Sometimes life sets you up for something amazing, something incredible, something life changing that just takes your breath away. A chance post, thanking the EMTs and Paramedics who shaped me into who I am now led to a quick conversation with a Medic I haven’t seen or had a lengthy conversation with in over a decade…12 years to be exact.
I wrote about Byron as being the first Medic I ever ran an Arrest with. That was a life altering day for me. I remember the red, high wing back chair, her pink shirt, blue jeans…the weird brown shag carpet…I also remember the fear, the anxiety, the terror, and then finally elation after it was over.
I only worked with him for a year…a year to the day exactly…I know, odd memory. He went off to do bigger and better things, both inside and out of EMS. I stayed on my path and that was that.
Well, I got a rare Friday off and in a chance message to Byron, he said his band would be playing at a nearby bar. I kinda had a ‘why not’ moment; it seemed like a good idea, he was game for a reunion after 12 years…I got to go to a Guinness Bar and drink beer and listen to good music after a shitty week.
What I wasn’t expecting…it was a watershed moment. I wish I could write well enough to adequately describe what happened, but I can’t. I do wish someone would have caught the initial moment on film…I’m sure it was quite the sight. We talked, we laughed, we reminisced, we drank Guinness (Told you) , I danced to amazing music with people I didn’t know, but I didn’t care. The moment was right and the moment was amazing.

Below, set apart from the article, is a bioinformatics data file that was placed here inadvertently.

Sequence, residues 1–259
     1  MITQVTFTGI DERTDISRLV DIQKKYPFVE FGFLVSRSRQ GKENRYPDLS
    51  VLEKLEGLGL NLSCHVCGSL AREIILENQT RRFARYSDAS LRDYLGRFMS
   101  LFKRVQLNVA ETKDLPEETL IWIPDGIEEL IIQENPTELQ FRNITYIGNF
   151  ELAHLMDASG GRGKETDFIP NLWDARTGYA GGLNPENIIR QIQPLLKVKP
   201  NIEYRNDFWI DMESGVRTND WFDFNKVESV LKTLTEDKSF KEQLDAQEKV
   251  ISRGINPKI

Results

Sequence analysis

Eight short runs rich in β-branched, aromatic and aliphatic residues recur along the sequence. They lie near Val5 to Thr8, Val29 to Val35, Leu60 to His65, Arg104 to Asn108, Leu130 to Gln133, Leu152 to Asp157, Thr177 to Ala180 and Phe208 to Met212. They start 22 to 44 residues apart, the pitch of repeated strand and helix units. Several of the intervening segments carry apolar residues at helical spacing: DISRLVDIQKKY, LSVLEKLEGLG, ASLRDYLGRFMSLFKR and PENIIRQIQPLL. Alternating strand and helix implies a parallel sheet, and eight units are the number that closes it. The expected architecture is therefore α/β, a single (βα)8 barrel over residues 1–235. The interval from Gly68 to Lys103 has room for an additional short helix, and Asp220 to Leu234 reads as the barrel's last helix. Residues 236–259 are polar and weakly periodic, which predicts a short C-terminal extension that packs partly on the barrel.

I had three main Paramedics in my life that I could honestly say made an impact on the Paramedic I am now. They know who they are and how much I love, care for, and appreciate them for all I’m worth…which isn’t much. Byron taught me a whole crap ton of things I still do because, well, he did them and it worked, not unlike the things Lt. Dan and Buddha taught me. The other Medic is constantly there, kicking me into gear, reminding me that I am Shao. Fucking. Trommashere. I need that when I get lost in myself, get down on myself, whatever.
What I didn’t expect or really realize was how Byron had shaped my development as a Medic. It was weird…and scary…and fascinating when it sunk in.
So, a very random moment in my life turned into something amazing. I reconnected with an old friend who’s impact on my career I hadn’t truly noticed until tonight. I’m not really sure why I’m writing this other than to try to quantify what happened. In 48 hours, I’ve had my mentors, the Paramedics I aspire to be, kicking my ass over my doubts, reminding me of who I am and what I’m worth. It’s been an emotional 48 hour Rollercoaster, but, strangely, it all came together tonight under a hazy dark sky while listening to a band play a song by Dropkick Murphys and drinking one of the most beautifully poured Guinness I’ve ever had.
Going tonight was my way of not missing my shot. I’ve swung and missed many times over 29 years, but one big thing Byron taught me was that, I’d miss every shot I didn’t take. Needless to say, I think it worked. I got to reconnect and laugh with someone I haven’t seen in 12 years.
Life is amazing.
Have fun and be safe,